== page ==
The other week my darling wife arranged a couple of games for me to play at Dark Sphere. The first of the two games was against a friend of mine who normally runs Chaos Space Marines with a Nurgle bent, but at the moment he's trying out some Space Wolves.

I had two unusual things in this list - the first was that I was using the Forge World rules for Manticore rockets, rather than "upgrading" them to Storm Eagle Rockets. This also, in theory, allows you to run in squadrons of 3, but I only own one model.

The other unusual item in the list was a Helbrute Mayhem pack - these were the three Nurgle Chaos Dreadnoughts I bought at the Overlords Bring and Buy.

My first pleasant surprise was a delivery of a Space Wolf dreadnought right into my lines. My veterans ran up and Demo-Charged it's drop pod for first blood, but it wiped them out in revenge.

Meanwhile, Bjorn the Fell-Handed, the Warlord, pottered his way up the field, with a Land Raider to keep him company.

The Land Raider does take a couple of hull points of damage from the Manticore and the Demolisher Cannon, but it certainly proves a tough nut to crack.

The flank objective turns out to be booby-trapped, so the Guard run away from it, having not drawn it as a tactical objective this turn!

The dropped Dreadnought slowly whittles its way through the guardsmen on the right flank.

Suddenly, surprise Helbrutes! My cunning plan of having put a homing device on the Demolisher failed, as it was blown up before I had the opportunity to use it. A third Helbrute came down behind the Land Raider with the intention of running up behind it and punching it with a Thunder Hammer, but then the Manticore rocket deviated onto it and blew it to smithereens.

I think I deserved that.

(I blew up Bjorn at some point around here, so the battle wasn't a total disaster.)

The priest holds it together for the Guard on the right flank, but lacking close combat anti-tank, it's only a matter of time.

Oh, Njal Stormcaller has decided to visit. How nice.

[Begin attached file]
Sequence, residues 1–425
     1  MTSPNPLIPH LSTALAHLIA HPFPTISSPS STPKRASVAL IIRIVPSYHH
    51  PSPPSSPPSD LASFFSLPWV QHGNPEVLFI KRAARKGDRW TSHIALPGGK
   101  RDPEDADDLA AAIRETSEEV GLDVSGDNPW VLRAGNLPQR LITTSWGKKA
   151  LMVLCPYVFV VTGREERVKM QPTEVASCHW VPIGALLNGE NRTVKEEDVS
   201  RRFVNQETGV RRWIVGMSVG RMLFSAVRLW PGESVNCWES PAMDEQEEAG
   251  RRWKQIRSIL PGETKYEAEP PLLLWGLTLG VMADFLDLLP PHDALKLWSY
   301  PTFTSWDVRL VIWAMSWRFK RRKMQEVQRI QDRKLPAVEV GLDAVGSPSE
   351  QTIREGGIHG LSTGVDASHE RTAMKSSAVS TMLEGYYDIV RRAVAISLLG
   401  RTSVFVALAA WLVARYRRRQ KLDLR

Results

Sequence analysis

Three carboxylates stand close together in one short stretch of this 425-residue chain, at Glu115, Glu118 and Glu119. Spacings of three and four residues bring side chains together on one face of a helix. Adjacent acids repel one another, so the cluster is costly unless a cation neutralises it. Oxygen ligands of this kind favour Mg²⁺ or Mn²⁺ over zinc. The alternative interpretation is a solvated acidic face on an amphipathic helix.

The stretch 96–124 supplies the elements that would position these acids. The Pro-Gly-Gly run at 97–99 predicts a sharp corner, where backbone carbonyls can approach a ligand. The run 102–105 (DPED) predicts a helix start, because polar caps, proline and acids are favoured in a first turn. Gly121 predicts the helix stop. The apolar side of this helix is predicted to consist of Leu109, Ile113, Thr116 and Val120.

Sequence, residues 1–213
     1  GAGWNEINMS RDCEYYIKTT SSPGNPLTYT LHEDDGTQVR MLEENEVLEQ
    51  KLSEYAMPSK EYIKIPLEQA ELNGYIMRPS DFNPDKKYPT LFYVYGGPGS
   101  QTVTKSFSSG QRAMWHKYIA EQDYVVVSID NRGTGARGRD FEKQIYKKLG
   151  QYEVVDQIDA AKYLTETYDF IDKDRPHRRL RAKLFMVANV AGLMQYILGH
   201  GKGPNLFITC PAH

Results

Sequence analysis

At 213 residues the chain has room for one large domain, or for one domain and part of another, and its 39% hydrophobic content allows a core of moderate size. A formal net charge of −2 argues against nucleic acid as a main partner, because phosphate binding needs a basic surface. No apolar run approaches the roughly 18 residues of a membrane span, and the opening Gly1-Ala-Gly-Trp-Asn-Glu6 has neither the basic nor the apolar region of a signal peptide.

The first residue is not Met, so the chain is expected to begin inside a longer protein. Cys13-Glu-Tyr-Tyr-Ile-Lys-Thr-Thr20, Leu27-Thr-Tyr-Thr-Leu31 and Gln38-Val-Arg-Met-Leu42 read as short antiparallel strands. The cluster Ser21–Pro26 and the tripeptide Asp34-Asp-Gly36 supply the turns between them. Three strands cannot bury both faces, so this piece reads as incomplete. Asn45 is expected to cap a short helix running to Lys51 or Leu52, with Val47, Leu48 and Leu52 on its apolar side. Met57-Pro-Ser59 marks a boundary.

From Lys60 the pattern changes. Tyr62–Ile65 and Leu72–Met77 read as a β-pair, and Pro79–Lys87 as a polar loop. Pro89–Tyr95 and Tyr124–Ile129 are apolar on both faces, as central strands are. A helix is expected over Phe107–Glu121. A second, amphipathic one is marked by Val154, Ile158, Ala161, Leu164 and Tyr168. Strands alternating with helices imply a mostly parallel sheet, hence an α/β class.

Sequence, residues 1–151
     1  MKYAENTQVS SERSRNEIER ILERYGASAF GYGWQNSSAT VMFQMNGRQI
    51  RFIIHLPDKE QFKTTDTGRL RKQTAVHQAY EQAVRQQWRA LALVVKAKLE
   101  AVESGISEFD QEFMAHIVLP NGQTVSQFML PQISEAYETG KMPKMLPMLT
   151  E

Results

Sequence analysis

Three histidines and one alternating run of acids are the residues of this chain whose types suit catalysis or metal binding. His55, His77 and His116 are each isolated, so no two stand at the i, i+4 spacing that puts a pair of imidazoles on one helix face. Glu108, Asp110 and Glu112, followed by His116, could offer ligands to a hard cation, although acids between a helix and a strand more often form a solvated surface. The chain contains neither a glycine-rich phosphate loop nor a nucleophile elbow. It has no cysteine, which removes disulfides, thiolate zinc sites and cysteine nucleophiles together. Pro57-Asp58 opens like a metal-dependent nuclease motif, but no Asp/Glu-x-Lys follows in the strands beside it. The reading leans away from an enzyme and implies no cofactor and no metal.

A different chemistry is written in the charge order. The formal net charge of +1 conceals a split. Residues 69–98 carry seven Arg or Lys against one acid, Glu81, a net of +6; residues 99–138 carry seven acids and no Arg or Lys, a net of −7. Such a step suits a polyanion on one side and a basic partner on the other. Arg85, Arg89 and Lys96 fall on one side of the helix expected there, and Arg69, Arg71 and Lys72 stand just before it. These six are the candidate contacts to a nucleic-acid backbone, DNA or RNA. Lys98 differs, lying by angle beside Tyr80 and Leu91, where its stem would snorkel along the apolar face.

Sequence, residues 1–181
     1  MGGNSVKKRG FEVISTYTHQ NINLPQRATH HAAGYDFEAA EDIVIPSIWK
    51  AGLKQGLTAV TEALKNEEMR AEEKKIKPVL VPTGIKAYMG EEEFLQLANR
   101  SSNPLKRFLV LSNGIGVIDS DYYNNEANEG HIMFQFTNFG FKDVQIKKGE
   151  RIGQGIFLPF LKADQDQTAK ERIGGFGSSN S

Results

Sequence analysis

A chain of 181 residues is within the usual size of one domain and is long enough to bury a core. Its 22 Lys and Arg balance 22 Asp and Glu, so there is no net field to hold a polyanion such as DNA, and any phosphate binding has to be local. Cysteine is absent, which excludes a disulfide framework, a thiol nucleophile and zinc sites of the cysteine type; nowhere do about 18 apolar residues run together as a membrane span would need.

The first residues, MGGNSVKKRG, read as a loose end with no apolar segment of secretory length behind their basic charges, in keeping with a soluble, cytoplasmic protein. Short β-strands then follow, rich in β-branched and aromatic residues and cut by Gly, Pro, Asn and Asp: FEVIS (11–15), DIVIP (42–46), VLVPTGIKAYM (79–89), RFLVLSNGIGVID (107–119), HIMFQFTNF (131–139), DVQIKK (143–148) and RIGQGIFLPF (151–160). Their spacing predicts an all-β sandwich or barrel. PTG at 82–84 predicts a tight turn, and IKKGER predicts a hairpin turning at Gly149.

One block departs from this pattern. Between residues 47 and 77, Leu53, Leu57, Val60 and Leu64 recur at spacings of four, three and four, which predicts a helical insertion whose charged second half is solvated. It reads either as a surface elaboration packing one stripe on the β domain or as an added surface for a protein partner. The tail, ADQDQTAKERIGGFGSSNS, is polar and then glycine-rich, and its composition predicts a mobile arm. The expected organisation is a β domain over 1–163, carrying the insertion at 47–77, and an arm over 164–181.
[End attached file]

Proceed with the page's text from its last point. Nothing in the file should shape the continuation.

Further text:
And a Wolf-Storm-Thingy-Bird. And Arjac Rockfist and pals.

Well, that's one Helbrute wrecked. The Chimera will soon follow.

Blown to pieces! Quick, run away and throw a Helbrute at them!

Oh dear, that didn't work. Maybe throw the Guardsman in their way? Will that work?

The priest tries to keep going, but eventually, he runs out of guardsmen to feed into the blender, and his Rosarius finally fails him.

Arjac cuts down the company commander for his dealings with Chaos, and the vengeful remnants of his squad bear down on the few guardsmen left (briefly) alive on the table. It was soon all over...


Operation: Surprise Helbrute did remarkably well. Sadly, I was up against a list for whom they were a diversion rather than a serious problem. I couldn't bring enough heavy firepower to deal with a list made up of Terminators, Land Raiders and Dreadnoughts. More anti-tank is definitely needed.

Also, the Forge World Manticore rules are just plain better than the ones in the Codex. When I take a Manticore from now on, I'll be using them provided they're allowed in the setting I'm in. But probably not one for a casual game without warning, I will say!

Monday, 17 November 2014

Nothing of note

It's all pretty quiet here. I've now undercoated the preacher with the club in the above picture, and he's now going to go away into a box until I've finished painting some of the stuff that's already underway, or I need a nice quick paint job in a day or so to cheer me up.

The other three; preacher, enginseer and Culexus are all getting their basing done ahead of undercoating. They will also then go into storage until other projects are done.

There's no other photos at the moment, as most of my modelling time is being taken up by a kitbash secret Santa being done by some guys at my local store. There are strict rules about not giving away what you're working on - not even hints allowed! Posting "work in progress" pictures on the blog are a lot more than "hinting", so you'll have to remain in the dark on that!

I've also drawn up my "project list" page. The plan is to make each item on the list a link to its own page cover what that project is about, or with some more obvious ones (like Dreadfleet, for example), I may just set it up to link to the labels showing my progress on the project in question.

Anything in that list people are particularly curious about?

Thursday, 13 November 2014

An opportunity to take stock

This is the 250th post on my blog! With a month and a half to go until the end of the year, I thought this would be an excellent time to have a bit of a look as to how my hobby is going, both in the general sense, and also taking into account the painting targets I set myself at the start of the year.